Eyewitness News has learned that Bakersfield Code Enforcement does not have a standard for what is considered toxic versus nontoxic mold.
Last month, Deborah McCormack believed she had found a perfect location for her business at Panorama and River in northeast Bakersfield.
"I thought this would be a great place for an arts cafe, a yoga studio," McCormack said.
She said touring the space, there were a few things that surfaced that could use a little attention.
"The restroom ceiling had fallen in," McCormack described.
She said the landlord explained that was a previous issue that had been fixed.
A week later, she made an unpleasant discovery in the bathroom.
"I started to notice the smell and was coming from and it looked like mold underneath the sink," she said.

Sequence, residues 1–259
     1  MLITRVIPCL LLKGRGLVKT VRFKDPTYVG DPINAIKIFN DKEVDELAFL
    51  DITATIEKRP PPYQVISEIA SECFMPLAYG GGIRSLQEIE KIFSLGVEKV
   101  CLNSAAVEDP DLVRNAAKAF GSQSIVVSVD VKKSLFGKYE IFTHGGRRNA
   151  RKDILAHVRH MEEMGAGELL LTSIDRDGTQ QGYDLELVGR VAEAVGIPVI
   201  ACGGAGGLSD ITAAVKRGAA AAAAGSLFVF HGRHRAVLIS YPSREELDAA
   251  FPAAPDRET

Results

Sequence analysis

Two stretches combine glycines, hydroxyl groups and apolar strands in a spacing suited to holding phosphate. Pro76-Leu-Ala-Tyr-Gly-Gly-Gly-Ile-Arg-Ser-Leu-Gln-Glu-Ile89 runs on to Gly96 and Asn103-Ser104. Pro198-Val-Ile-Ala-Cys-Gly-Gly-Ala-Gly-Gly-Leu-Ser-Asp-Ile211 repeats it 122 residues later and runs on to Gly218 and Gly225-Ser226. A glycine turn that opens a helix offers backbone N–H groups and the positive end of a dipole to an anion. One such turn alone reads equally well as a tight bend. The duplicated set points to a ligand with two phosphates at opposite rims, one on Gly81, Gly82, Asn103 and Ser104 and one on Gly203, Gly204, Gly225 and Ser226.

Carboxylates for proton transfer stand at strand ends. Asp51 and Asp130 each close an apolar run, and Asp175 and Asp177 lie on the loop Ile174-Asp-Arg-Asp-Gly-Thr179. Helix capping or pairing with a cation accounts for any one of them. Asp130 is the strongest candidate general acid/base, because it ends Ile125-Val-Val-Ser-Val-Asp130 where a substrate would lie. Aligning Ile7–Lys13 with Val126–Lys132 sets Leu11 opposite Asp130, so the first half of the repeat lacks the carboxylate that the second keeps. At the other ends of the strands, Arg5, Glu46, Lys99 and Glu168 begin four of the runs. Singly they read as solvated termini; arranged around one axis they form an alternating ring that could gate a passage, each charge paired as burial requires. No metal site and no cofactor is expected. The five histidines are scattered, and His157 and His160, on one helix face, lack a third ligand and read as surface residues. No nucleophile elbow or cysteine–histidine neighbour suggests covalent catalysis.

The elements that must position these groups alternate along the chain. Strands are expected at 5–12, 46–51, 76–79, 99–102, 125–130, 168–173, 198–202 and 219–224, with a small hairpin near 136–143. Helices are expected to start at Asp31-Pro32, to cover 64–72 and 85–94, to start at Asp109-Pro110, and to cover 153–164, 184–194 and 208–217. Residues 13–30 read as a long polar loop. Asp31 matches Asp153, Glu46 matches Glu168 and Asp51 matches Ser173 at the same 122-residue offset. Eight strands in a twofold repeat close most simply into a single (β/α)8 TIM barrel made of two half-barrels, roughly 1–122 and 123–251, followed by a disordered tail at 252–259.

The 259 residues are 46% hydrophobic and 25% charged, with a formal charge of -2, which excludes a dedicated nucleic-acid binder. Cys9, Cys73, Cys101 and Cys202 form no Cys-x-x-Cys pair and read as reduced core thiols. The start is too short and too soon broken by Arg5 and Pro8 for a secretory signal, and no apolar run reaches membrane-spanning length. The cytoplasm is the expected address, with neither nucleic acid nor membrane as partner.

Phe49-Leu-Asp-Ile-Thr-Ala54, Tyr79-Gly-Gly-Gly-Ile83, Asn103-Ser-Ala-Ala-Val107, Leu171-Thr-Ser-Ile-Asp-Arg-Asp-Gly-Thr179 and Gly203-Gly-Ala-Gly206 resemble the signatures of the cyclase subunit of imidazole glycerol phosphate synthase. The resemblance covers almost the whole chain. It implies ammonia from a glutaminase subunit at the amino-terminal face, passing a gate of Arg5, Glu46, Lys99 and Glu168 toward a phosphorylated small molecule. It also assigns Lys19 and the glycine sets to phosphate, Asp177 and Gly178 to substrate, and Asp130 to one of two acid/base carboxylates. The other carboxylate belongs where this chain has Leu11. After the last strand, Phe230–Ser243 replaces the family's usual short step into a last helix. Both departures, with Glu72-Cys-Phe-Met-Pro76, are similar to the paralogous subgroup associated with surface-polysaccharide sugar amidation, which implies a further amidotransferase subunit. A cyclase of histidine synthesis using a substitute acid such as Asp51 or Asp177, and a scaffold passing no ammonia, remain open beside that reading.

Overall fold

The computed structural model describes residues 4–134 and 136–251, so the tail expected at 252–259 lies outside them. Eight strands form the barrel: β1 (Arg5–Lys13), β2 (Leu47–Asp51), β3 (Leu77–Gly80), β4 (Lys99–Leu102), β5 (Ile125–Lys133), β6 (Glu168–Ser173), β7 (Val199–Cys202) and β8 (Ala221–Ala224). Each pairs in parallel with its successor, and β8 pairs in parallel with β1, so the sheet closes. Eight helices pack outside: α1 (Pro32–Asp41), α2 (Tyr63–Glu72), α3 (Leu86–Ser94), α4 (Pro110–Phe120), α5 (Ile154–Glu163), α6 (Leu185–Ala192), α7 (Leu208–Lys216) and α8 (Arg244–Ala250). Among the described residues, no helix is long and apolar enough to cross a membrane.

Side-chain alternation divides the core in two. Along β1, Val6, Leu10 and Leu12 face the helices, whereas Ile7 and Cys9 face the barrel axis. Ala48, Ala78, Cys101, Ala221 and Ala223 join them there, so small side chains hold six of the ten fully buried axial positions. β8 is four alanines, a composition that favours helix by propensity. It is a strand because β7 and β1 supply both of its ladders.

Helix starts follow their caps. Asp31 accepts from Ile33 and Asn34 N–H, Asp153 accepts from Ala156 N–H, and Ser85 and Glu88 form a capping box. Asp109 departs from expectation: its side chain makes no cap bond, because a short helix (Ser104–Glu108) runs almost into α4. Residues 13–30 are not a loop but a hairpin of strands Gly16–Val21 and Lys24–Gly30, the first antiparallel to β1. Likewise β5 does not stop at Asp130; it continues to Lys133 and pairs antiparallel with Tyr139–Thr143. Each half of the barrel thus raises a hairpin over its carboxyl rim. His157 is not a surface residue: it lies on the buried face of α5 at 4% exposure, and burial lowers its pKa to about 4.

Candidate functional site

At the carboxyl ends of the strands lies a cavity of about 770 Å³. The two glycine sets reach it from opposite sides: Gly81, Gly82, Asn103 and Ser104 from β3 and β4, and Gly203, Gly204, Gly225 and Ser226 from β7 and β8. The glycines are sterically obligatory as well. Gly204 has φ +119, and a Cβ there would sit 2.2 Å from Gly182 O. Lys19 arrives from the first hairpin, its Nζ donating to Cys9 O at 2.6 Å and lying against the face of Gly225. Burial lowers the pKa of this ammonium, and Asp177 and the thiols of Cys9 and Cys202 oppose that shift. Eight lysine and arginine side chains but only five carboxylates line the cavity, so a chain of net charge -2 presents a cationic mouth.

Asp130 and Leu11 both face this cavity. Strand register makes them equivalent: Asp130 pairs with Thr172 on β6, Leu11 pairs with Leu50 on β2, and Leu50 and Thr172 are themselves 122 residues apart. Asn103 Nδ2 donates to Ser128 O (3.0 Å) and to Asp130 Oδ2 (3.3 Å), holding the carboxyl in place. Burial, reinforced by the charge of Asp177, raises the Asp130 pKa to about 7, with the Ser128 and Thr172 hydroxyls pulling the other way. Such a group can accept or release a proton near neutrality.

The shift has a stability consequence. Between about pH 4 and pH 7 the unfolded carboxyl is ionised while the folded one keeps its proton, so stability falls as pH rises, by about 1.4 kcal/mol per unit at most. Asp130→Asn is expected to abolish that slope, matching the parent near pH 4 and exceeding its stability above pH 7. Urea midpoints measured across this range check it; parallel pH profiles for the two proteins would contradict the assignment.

She claimed the landlord's fix was a mere cover-up.
"He let himself in on the Monday, painted over it, and told me he had taken care of it," she said.
She and a friend would open the walls and discover the wall covered in some sort of dark substance that stretched from floor to ceiling.
The pair claims to have called the landlord and was told that she accepted the building and that any changes needed would be her responsibility.
Monday afternoon, Eyewitness News spoke with the landlord via phone. He claims that the stains came from a previously leaky roof that has been fixed.
We wanted to find out whose responsibility it is to fix the issue.
Code enforcement officer Dave Paquette said with commercial rentals, deciding who pays for repairs is a civil matter.
"When it comes to code compliance, it's going to come down to how the lease it written up." Paquette said.
But, defining what is toxic mold versus nontoxic mold for enforcement officers has become a really murky situation.
"Mold effects one population more severely than others. There is not one situation that fits every situation," he said.